Despite the recession, the American job market is growing fast for green careers.  According to the American Solar Energy Society’s green jobs report, “…green industries already generate 9 million jobs in the U.S., and with appropriate public policy, could grow to 40 million jobs by 2030.”  In a recent NY Times article noted, “…56,000 newly trained workers and 14,000 project managers are needed to realize our current administration’s one-year goals for energy efficiency alone.”

So, now go out there and save our Mother Earth! Green careers lead to prosperity and job security.  You will also be strengthening and healing both our economy and planet.

Presented by Victoria Andrew, professional writer for Career Services International

May 3, 2010

Five Things NOT to Put on a Résumé

Submitted by Team Career Member and professional writer Leslee Remsburg, CPCC

1. An “Objective”
Do NOT write “…seeking a position that will utilize my sales/marketing abilities…”.  Instead, define your expertise and highlight your strengths with statements like “Sales/Marketing Manager who increases revenue and market foothold on global scale offers proven success driving billion-dollar sales through integrated media.”

2. The word “responsible”
This is an absolute NO-NO on a résumé.  Avoid starting every job description with “responsible for” or including this word anywhere in your document.  Résumés where every sentence begins with a powerful action verb grab more attention than rundowns of basic “responsibilities”.  Words such as “captured”, “catapulted”, and “championed” just to name a few will make your résumé a standout.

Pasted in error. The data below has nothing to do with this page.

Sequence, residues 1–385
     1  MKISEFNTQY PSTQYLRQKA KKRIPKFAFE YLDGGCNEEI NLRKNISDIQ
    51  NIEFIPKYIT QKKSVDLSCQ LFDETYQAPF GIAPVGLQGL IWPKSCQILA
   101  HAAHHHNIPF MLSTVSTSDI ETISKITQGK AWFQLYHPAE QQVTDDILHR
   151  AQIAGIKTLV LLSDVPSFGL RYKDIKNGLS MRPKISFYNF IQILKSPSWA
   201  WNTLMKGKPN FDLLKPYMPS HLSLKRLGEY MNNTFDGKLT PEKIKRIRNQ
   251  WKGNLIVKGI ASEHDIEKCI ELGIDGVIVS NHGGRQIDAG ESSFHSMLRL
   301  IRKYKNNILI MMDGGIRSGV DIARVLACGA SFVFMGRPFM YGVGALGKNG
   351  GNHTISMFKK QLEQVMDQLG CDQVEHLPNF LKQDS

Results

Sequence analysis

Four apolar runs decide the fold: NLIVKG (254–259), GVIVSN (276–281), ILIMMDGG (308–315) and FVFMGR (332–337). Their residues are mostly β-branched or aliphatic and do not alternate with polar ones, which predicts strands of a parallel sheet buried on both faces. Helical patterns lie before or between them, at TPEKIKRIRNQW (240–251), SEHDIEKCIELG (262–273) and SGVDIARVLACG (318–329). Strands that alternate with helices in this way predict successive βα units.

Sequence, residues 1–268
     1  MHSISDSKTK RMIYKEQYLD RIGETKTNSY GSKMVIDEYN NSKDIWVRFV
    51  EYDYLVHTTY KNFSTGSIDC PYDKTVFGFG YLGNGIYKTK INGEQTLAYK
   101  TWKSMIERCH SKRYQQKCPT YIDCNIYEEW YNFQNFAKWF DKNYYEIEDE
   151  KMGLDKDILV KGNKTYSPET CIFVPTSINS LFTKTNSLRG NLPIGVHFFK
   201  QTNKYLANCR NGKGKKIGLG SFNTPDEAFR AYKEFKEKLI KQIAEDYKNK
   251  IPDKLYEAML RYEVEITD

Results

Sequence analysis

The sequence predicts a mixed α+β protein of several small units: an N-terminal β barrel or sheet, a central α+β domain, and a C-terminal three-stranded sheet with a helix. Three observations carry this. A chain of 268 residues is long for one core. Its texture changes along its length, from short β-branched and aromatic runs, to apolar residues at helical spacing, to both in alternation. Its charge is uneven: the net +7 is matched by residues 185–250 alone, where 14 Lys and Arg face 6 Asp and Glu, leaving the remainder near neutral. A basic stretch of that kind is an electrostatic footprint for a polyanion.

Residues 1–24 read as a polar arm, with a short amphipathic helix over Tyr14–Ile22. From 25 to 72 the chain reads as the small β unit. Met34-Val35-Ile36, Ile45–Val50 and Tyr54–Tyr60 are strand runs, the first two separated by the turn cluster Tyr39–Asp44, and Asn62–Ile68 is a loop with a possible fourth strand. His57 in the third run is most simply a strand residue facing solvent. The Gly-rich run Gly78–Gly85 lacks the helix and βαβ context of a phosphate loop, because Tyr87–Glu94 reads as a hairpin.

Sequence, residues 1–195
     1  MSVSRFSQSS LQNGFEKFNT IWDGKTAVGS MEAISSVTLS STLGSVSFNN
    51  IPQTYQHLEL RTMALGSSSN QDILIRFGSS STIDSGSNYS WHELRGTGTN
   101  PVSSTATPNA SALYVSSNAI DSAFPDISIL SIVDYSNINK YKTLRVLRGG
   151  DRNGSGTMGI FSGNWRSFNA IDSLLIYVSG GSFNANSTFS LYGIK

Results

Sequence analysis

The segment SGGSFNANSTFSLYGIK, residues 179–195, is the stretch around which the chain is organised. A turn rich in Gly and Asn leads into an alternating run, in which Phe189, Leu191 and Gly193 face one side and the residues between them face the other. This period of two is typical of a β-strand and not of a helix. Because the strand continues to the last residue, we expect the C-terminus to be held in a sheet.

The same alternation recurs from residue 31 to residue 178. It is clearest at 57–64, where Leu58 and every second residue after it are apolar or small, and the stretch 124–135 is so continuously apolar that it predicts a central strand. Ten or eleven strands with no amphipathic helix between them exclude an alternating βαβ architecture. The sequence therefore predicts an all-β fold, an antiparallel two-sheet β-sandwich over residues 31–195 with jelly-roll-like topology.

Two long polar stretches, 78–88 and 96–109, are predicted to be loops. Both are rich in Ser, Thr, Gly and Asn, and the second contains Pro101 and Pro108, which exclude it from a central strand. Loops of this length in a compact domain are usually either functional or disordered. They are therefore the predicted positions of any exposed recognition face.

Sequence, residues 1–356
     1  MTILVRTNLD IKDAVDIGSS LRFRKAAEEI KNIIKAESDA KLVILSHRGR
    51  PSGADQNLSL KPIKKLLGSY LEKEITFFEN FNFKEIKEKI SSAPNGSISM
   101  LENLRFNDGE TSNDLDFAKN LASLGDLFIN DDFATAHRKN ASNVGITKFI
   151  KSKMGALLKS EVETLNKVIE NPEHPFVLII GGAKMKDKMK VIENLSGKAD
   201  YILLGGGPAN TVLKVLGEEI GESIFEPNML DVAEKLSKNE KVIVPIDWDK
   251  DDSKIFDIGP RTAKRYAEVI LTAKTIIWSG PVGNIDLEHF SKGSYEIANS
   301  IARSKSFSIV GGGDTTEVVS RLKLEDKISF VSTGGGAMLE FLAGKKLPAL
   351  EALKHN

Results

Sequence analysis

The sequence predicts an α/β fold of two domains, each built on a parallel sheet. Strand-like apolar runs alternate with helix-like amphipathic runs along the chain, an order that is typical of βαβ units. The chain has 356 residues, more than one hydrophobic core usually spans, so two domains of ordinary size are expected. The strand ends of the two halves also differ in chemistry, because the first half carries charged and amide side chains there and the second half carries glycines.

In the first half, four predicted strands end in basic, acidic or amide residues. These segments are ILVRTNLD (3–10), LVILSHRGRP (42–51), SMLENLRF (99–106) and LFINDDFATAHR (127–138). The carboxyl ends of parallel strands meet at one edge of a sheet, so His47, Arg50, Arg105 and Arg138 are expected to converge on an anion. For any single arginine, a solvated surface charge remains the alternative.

3. Work experience older than 15 years
It’s not relevant, which is what a résumé should be.  Especially for those in the IT field, beware of listing outdated technologies on your résumé.  These days, employers want to have cutting-edge, customized solutions to help them grow and transition in our expanding, global economy.

4. G.P.A.
Grade point average demonstrates academic qualities but means nothing in terms of on-the-job performance.  How do you handle a crisis or make your work environment more efficient?  Answers to those questions mean more.  The only exception to the rule is for recent college graduates with little experience who have graduated within the last two years (according to the Professional Resume Writers Association and the National Resume Writers Association).

5. Personal interests
As a favor to yourself AND the hiring manager, don’t waste valuable space on your hobbies and family description.  Focus on the facts and present material that is attention-grabbing and demonstrates workplace value to any potential employer.

Leslee has been a professional resume writer since 2005; her experience and wisdom is always appreciated… thank you Leslee!

dhuffman
Career Services International
Education Career Services
dhuffman@careersi.com

Next Page »

Blog at WordPress.com.